The special challenge presented by The Haunt’s spare, subtle intensity may be what has kept it so alive during its decades of neglect.



Sunday, October 14, 2018

Kirk Knuffke/ Ben Goldberg - Uncompahgre (Relative Pitch Records, 2018) ****

By Paul Acquaro

Uncompahgre is the sixth highest peak in the Rocky Mountains of Colorado. The word is from the Ute language and means "dirty water", in reference to the red spring water from the area. I don't know if this was flowing through the minds of cornetist Kirk Knuffke and clarinetist Ben Goldberg when they got together and came up with these set of improvisations, but the music that poured forth was subsequently named Saguache, Basalt, Blue River, La Junta, Ouray, Gypsum, Rocky Ford, Leadville, Granby, De Beque, Paonia, Fairplay, Carbondale, and Cortez. A little more digging and I realized both Knuffke and Goldberg come from Denver, and the titles were a homage to their origins.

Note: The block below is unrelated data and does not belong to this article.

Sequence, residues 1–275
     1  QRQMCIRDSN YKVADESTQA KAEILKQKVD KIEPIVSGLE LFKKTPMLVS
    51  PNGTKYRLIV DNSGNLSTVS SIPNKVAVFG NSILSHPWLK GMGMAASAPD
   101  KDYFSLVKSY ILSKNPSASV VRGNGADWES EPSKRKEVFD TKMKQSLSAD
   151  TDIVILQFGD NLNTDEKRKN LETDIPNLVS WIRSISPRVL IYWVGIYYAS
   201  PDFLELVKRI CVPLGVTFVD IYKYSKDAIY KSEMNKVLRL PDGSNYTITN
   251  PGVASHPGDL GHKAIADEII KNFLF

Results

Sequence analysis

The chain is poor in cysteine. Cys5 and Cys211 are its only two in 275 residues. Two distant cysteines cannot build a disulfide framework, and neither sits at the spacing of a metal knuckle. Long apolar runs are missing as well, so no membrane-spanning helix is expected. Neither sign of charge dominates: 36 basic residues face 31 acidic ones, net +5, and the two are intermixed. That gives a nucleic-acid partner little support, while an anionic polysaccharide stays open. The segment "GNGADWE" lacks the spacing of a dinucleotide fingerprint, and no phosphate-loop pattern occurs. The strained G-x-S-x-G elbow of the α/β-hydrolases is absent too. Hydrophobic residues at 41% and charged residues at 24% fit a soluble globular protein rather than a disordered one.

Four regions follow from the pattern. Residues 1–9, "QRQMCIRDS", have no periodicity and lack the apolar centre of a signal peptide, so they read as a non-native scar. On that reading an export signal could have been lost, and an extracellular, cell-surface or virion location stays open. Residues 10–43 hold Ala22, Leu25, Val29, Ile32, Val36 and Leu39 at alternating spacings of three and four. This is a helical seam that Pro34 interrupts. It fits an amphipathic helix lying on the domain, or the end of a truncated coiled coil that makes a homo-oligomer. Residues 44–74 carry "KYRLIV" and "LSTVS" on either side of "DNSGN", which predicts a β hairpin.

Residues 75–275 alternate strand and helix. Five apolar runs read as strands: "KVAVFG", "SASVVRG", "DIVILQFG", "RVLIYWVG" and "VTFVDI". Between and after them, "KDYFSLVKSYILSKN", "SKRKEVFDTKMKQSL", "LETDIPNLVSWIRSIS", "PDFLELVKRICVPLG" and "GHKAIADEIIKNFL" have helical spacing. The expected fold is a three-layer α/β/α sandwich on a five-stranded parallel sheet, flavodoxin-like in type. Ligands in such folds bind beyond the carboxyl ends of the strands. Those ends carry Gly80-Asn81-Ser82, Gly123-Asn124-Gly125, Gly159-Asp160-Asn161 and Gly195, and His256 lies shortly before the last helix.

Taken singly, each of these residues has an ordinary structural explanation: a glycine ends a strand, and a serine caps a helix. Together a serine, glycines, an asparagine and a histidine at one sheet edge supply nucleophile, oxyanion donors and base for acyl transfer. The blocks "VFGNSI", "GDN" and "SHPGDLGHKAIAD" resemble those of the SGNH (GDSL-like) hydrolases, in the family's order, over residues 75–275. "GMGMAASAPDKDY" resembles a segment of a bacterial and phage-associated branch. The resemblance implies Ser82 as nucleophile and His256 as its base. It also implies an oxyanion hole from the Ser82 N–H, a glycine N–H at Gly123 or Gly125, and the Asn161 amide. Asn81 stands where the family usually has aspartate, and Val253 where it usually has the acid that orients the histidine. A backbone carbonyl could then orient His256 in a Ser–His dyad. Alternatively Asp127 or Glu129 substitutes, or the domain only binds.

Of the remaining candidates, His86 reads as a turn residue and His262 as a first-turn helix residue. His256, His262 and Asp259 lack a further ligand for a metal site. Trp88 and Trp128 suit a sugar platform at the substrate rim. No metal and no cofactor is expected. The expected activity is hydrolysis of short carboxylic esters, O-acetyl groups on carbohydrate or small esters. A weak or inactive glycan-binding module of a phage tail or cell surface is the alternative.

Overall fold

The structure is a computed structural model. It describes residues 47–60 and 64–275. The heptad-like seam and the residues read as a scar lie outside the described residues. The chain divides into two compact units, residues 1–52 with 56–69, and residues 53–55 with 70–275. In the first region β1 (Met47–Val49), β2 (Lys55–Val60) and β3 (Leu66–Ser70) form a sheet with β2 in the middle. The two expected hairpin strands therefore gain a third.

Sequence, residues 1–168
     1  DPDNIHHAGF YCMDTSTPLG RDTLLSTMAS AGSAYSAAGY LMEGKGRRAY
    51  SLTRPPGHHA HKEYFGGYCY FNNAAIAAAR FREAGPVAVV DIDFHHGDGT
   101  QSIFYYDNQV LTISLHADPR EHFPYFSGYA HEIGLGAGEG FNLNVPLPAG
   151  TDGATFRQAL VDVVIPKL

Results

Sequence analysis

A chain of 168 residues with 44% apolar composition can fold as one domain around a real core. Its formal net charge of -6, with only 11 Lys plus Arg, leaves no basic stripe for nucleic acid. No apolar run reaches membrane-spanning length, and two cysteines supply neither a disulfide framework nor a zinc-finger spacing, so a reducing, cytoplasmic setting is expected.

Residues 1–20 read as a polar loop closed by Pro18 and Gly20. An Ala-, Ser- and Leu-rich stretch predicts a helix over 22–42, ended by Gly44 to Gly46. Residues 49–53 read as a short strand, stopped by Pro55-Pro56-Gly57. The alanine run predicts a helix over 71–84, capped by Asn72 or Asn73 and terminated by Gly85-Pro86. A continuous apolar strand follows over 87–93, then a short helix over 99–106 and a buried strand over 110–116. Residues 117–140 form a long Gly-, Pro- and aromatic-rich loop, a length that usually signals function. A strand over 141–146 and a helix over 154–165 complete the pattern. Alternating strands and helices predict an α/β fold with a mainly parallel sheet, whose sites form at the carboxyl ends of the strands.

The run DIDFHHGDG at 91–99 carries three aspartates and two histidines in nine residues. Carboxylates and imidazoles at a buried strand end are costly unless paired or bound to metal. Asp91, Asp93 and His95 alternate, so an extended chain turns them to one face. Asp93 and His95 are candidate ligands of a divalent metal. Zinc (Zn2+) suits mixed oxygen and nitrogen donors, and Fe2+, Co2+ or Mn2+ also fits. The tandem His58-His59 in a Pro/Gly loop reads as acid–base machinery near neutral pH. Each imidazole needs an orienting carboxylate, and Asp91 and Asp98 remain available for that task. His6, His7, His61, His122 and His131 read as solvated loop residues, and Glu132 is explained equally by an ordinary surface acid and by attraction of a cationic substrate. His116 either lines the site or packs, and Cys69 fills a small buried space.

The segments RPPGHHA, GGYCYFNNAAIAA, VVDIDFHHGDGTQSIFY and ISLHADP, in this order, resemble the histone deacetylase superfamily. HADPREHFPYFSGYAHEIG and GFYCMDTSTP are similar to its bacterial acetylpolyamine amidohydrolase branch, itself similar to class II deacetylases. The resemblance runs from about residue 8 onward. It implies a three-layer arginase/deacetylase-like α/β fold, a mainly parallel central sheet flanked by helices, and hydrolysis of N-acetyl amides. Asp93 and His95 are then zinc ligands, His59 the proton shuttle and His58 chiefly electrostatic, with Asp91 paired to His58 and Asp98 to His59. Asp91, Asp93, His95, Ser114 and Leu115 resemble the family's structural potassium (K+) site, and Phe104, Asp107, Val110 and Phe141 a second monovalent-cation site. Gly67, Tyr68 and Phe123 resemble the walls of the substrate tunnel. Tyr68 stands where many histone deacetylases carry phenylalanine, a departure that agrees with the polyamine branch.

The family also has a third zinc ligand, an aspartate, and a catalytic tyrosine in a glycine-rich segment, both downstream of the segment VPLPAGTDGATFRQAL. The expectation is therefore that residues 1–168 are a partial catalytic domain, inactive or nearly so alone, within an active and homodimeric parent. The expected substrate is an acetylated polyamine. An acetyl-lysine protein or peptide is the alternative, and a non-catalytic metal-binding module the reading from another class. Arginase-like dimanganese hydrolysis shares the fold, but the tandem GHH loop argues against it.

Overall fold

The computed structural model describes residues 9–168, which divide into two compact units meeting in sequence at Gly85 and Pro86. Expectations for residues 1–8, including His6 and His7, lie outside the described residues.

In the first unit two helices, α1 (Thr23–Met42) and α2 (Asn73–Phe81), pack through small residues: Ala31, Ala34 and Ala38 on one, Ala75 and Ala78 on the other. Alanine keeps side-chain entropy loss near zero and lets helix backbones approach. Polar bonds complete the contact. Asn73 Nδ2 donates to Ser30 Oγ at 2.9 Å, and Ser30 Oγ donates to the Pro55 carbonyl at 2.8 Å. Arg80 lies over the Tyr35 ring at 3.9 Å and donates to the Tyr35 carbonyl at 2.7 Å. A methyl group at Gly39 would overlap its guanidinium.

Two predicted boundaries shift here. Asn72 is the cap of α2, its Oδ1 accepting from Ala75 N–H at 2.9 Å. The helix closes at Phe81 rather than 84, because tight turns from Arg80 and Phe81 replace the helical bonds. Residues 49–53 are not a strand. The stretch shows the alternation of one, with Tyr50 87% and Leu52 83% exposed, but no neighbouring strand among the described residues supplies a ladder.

What bubbled to the surface is the product of forces that operate deep in the core, culminating in a series of miniatures - 'Granby' is the longest at a smidge over 5 minutes, while the closer, 'Cortez', clocks in at less than a minute. These improvisations are succinct but whole ideas, no fluff, nothing over staying, no searching for 'the moment', it's the work of two masterful musicians engaged in an effortless dialog.

Both Goldberg and Knuffke have many duo recordings to their name - Goldberg recently released Practitioner, which was an interpretation of saxophonist Steve Lacy's Hocus Pocus. There is also the recent release with pianist Myra Melford, Dialogue, and his Clarinet and Drums duet with Hamir Atwal. Knuffke released the excellent Fierce Silence with drummer Whit Dickey in 2016, and the absorbing Moon with Karl Berger in 2015, among others. So both are well versed in the spontaneous dialog of the duo format, and the listening, reacting, and empathy it takes to make such an intimate type of recording.